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WILLIAM LADD WILLIS

William Ladd Willis was born in New York City, the son of Charles T. and Jane S. Willis. One great-grandfather, on his father's side, was Lyman Hall, one of the signers of the Declaration of Independence, and the other, who lived at Newton, N. J., spent his fortune in raising and equipping a troop of horse for the patriot army, and was a friend of General Washington. The latter passed through Newton on his way north in 1779 and stopped to take dinner with his friend. It happened that it was the time of christening the son of his host, and Washington became one of the sponsors, and the boy was named George Washington Willis. The mother of the subject of this sketch was the daughter of one of the early merchant princes of New York, Thomas S. Walsh.

Charles T. Willis died when his son was seven years old, and the family moved to Unionville, N. Y., where the son grew to manhood. His school education was gained at various academic institutions .and at Troy (N. Y.) university. In the winter of 1860-61 he embarked in wholesale business in New York City, but the Civil war breaking out in the spring the general depression of business and the failure of many western firms to whom his firm had extended credit, forced him to close up his business at a heavy loss. He embarked in various lines for some years, and in 1871 came to Sacramento county, where he engaged in farming near Elk Grove, and teaching, until 1892. He then became a member of the editorial staff of the Record-Union, and continued the association for thirteen years. In 1879 he was tendered an appointment on the county board of education, of which he remained a member for twenty-three years, or until Ms removal to Auburn, where he resided for nearly two years and then returned to Sacramento, this city having been his home ever since.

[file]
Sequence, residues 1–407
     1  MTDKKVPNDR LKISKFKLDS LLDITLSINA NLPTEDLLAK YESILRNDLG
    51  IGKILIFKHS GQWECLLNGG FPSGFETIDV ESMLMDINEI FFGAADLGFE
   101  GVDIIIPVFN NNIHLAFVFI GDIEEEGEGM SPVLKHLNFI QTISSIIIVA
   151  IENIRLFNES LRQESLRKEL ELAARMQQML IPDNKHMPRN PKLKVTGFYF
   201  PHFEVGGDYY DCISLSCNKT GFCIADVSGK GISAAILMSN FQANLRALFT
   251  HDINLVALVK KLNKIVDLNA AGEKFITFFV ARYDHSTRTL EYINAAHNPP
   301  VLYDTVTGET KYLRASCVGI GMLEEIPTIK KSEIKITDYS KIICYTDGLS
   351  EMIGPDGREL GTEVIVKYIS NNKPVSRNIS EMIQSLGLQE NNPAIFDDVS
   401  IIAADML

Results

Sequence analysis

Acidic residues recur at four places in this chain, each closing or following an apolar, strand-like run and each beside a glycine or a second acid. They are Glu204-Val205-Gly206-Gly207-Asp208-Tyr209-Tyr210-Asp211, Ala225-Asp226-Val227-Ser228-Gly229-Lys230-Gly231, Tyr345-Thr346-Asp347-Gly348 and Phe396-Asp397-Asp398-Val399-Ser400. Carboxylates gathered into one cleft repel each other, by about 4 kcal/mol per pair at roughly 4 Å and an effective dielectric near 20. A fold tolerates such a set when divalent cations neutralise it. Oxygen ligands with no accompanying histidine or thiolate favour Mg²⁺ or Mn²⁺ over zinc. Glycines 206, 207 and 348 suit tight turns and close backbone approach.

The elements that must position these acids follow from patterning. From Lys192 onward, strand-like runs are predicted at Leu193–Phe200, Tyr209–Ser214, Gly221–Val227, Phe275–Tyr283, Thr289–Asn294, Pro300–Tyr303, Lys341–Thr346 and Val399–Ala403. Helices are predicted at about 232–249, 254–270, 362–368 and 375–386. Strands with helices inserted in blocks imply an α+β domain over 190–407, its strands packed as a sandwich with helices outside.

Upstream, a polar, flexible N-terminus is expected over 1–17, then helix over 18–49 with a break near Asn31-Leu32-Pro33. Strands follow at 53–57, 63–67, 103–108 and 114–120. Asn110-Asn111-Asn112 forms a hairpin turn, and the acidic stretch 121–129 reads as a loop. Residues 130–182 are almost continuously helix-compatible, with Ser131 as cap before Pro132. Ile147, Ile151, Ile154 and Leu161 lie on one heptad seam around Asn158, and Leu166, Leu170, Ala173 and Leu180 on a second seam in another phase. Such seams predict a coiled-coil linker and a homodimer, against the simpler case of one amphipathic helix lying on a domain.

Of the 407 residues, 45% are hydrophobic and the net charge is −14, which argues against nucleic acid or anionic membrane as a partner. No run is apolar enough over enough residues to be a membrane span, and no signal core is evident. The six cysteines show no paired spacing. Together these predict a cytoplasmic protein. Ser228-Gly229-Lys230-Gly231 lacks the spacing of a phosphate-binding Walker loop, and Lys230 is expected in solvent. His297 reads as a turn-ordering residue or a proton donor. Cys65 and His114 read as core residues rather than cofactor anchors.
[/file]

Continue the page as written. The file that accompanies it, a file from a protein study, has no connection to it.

In 1886 Mr. Willis was selected by the state board of education to compile the state speller, which had been in use in the schools for twenty years. He also assisted in the compilation of the first set of state readers. In the past four years he has been connected with the Carmichael Company in the real estate business. In 1872 he married Mrs. Emily Haines of Middletown, N. Y., by whom he had three children, Mrs. Jennie L. Brothers, now of Berkeley; Mrs. Clair Morrill, of Suisun, and William B. Willis of New York, an architect in the office of McKim, Mead & White. 


Source:
History of Sacramento County, California
Biographical Sketches of The Leading Men and Women of the County Who Have Been Identified With Its Growth and Development from the Early Days to the Present
History By: William L. Willis
Historic Record Company, Los Angeles, California (1913)

Transcribed by Peggy Hooper 2011